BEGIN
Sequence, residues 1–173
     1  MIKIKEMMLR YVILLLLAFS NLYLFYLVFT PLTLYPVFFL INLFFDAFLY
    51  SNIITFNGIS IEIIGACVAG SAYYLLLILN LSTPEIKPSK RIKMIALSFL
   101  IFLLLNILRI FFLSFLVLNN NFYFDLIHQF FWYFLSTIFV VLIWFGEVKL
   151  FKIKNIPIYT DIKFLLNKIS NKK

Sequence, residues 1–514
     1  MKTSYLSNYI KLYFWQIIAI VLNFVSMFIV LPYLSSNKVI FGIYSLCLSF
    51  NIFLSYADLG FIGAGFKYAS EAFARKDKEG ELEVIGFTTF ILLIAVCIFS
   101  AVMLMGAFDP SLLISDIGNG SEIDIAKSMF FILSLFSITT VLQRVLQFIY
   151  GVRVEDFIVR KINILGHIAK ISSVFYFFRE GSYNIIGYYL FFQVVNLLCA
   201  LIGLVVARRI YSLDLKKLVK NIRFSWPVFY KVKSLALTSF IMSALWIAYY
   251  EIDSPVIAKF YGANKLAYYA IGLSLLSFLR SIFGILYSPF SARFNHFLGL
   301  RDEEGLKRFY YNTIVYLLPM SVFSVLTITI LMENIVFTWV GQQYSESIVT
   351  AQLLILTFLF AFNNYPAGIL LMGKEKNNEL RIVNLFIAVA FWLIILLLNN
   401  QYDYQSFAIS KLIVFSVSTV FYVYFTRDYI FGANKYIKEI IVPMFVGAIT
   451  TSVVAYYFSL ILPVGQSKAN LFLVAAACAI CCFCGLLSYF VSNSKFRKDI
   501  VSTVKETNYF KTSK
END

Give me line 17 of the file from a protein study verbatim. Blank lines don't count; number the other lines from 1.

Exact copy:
   501  VSTVKETNYF KTSK